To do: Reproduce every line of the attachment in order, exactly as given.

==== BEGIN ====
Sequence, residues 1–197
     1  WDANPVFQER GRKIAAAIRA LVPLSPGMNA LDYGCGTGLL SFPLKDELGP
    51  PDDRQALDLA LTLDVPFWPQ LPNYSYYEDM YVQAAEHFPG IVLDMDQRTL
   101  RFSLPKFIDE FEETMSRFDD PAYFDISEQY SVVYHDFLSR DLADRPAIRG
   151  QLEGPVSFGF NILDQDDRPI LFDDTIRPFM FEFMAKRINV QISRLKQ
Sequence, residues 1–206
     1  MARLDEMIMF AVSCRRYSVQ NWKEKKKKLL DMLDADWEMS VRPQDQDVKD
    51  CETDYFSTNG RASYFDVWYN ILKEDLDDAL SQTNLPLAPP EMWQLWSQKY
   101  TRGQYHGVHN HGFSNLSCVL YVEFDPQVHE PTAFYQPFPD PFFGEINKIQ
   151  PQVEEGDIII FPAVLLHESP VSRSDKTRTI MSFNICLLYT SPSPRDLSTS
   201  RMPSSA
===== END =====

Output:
Sequence, residues 1–197
     1  WDANPVFQER GRKIAAAIRA LVPLSPGMNA LDYGCGTGLL SFPLKDELGP
    51  PDDRQALDLA LTLDVPFWPQ LPNYSYYEDM YVQAAEHFPG IVLDMDQRTL
   101  RFSLPKFIDE FEETMSRFDD PAYFDISEQY SVVYHDFLSR DLADRPAIRG
   151  QLEGPVSFGF NILDQDDRPI LFDDTIRPFM FEFMAKRINV QISRLKQ
Sequence, residues 1–206
     1  MARLDEMIMF AVSCRRYSVQ NWKEKKKKLL DMLDADWEMS VRPQDQDVKD
    51  CETDYFSTNG RASYFDVWYN ILKEDLDDAL SQTNLPLAPP EMWQLWSQKY
   101  TRGQYHGVHN HGFSNLSCVL YVEFDPQVHE PTAFYQPFPD PFFGEINKIQ
   151  PQVEEGDIII FPAVLLHESP VSRSDKTRTI MSFNICLLYT SPSPRDLSTS
   201  RMPSSA